Not too long ago there was bit of controversy over Supreme Court Justice Antonin Scalia. He said he didn’t think the U.S. Constitution provided any protection against being tortured (to elicit a confession). (I think he also said he didn’t personally approve of torture himself, for all you Scalia supporters out there:).) This got me to thinking. Do supporters of Justices Scalia and Clarence really know where they stand on the issues? And if they did know, would they continue support them?
I know the subject might stir up emotions in some people. But please realize my question is simply, Would their supporters continue supporting them if they knew where they stood on all the issues:)?
Pardon me, but you didn’t instruct me as to why I shouldn’t support Thomas.
As for Scalia, he was making the comments in the context of the Eighth Amendment - at least that is what he was asked about. And he was right - the Eighth Amendment wouldn’t provide protection in that circumstance because it applies after a sentence is passed by a court - and in the case inquired about that hadn’t happened yet.
Now, this may trigger a due process violation - but Scalia wasn’t asked about that - and he isn’t the sort to answer a question about due process when asked about the Eighth Amendment.
I think he’s largely correct in arguing such. And while I could easily find cases where I disagree with Scalia and Thomas (and indeed find cases where they disagree with each other) I prefer their general approach, which with judges is the best you can hope for.
Right. We have a Supreme Court Justice who seems never to have heard of the Fifth Amendment prohibition of forced confessions – which I admit he wasn’t asked about, but which comes quicfkly to my mind when contemplating what the Constitution may have to say about torturing an unconvicted-as-yet detainee.
By the way, the Eighth Amendment also has this interesting little provision about “excessive bail” – meaning, to this layman, that in general persons not convicted of crimes have the right to post an appearance bond, not to be locked up until it seems good to the state to have a trial. It’s not exclusively dealing with post-conviction situations.
And Ninoy is of course the guy who found the interesting emanation wafting penumbrally from the Constitution that “The writ of Habeas Corpus shall not be suspended except in times of war but may be gutted and effectively denied when hearing such cases is inconvenient to the courts.”
As for the question posed in the OP, I’d answer that there are some conservatives with strong moral values, who find torture at Gitmo at the most a necessary evil, or who oppose it utterly. Then there are the morally bankrupt who would defend anything done by a conservative Republican, or who will play tu quoque games instead of addressing the issue.
Uh huh. You will recall, of course, that there was the Eisentrager precedent that had to be dealt with somehow, right? And you can’t pigeonhole Scalia so neatly - his dissent in Hamdi shows that he believes that when American citizens are involved habeas corpus must be suspended or normal courts must be used. This severely restricts executive authority - more even than the Haupt case in WWII would indicate.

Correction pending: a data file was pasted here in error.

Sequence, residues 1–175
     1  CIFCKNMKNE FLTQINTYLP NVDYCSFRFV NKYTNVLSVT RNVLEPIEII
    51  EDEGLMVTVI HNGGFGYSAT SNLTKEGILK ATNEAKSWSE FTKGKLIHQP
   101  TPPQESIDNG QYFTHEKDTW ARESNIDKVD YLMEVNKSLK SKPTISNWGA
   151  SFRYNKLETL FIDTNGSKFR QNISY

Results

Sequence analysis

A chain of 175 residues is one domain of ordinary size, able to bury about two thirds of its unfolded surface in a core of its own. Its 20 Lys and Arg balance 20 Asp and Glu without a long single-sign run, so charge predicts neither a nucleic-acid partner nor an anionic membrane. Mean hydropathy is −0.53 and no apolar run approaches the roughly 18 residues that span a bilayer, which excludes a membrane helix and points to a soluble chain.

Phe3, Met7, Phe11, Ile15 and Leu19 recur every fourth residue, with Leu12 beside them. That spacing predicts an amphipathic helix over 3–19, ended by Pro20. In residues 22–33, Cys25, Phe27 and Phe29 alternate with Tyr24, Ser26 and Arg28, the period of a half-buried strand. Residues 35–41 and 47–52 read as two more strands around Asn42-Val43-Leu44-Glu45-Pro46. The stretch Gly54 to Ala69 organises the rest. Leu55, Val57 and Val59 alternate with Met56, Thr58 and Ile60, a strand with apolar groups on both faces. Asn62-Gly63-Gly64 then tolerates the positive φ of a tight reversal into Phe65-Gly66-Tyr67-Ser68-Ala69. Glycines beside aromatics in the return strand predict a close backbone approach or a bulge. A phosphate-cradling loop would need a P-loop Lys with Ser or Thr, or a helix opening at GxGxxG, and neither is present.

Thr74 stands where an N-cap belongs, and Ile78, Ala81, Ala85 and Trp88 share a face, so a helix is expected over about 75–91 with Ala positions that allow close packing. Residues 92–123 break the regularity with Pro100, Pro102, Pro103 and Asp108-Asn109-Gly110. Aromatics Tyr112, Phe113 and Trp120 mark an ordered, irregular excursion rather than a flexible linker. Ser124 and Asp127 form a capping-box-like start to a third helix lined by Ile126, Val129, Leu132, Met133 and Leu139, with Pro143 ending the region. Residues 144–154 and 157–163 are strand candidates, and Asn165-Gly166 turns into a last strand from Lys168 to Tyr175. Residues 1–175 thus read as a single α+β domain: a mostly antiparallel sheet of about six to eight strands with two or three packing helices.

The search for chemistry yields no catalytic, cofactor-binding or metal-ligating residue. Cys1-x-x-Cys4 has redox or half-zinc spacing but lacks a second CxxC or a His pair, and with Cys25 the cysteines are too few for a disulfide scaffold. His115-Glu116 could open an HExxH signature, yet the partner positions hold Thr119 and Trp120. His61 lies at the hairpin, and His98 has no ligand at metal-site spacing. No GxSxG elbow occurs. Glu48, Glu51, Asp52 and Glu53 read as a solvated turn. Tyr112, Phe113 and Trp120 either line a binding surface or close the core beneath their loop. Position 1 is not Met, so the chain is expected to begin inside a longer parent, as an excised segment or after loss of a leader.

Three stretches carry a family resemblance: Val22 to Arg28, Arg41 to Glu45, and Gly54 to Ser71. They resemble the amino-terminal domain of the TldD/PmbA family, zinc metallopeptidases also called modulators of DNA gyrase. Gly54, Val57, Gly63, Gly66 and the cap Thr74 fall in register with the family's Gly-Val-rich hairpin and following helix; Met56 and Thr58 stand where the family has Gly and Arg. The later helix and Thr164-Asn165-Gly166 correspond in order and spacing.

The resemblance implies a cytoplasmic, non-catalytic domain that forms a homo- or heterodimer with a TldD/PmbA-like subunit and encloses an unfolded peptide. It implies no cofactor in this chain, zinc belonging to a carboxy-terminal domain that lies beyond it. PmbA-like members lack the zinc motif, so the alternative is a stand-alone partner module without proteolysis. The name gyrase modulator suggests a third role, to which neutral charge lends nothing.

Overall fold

Whether I agree or not with these decisions is beside the point - we can’t pick judges for line-by-line agreement. Like I said - in general I agree with his approach.
Thanks for your measured response above. “Ninoy” is a family nickname for Mr. Justice Antonin Scalia, used in the same sense as “Dubya” or “Ike” (when not meant insultingly) for Mr. Bush or Mr. Eisenhower.
All in all I agree with the general approach that judges, and their interpretation of the Constitution, shouldn’t be looked to, to save us from the stupidity and immorality of ourselves and of the leaders we elect. The Constitution doesn’t absolve us from our own political responsibilities. I’m not familiar with what Scalia or Thomas may have said specifically on the issue, but I don’t consider a statement of “the Constitution doesn’t say X” to be equivalent to “X is peachy keen!”
As long as Scalia and Thomas are willing to cast their judicial votes for their fascist masters in lockstep, I don’t see why their fellow fascists would fail to offer their praise and support. The OP underestimates just how many of us are willing to go all Lord of the Flies on the asses of their fellow human beings after suitable harumphing.
I’m just about the furthest thing from a conservative, but in my experience there are quite a few people who justify torture - and a laundry list of “law-and-order” issues such as search-and-seizure, confinscations, etc. that I believe undesireably infringe upon civil liberties, by reasoning that if you haven’t done anything wrong, you have nothing to fear.
Add in a couple of correlaries:
-law enforcement organizations are well-intentioned and doing a very difficult job, so they should be given considerable leeway and provided the tools necessary to do their jobs.
-the accused probably did “something” wrong or else they would not have become invilved in the “system,” and as “wrong-doers” they deserve fewer rights than the rest of us.
One suspects that leftists would not hate Scalia so much if he were not utterly, completely forthright and correct in Constitutional interpretation. it is specifically because he does not play games, nor advance his opinions, but only answers the specific question required, that he is hated. But his Constitutional understanding is vastly superior to any other Supreme Court Justice alive today, and perhaps in the entire 20th century.
But the fact that he does not bend it to suit others infuriates some. The Consitution does not prohibit torture. It may prohibit it being used in some circumstances, or the results of it being done may result in invalid legal proceedings. But torture is not unconstitutional. And Scalia was entirely correct in saying that.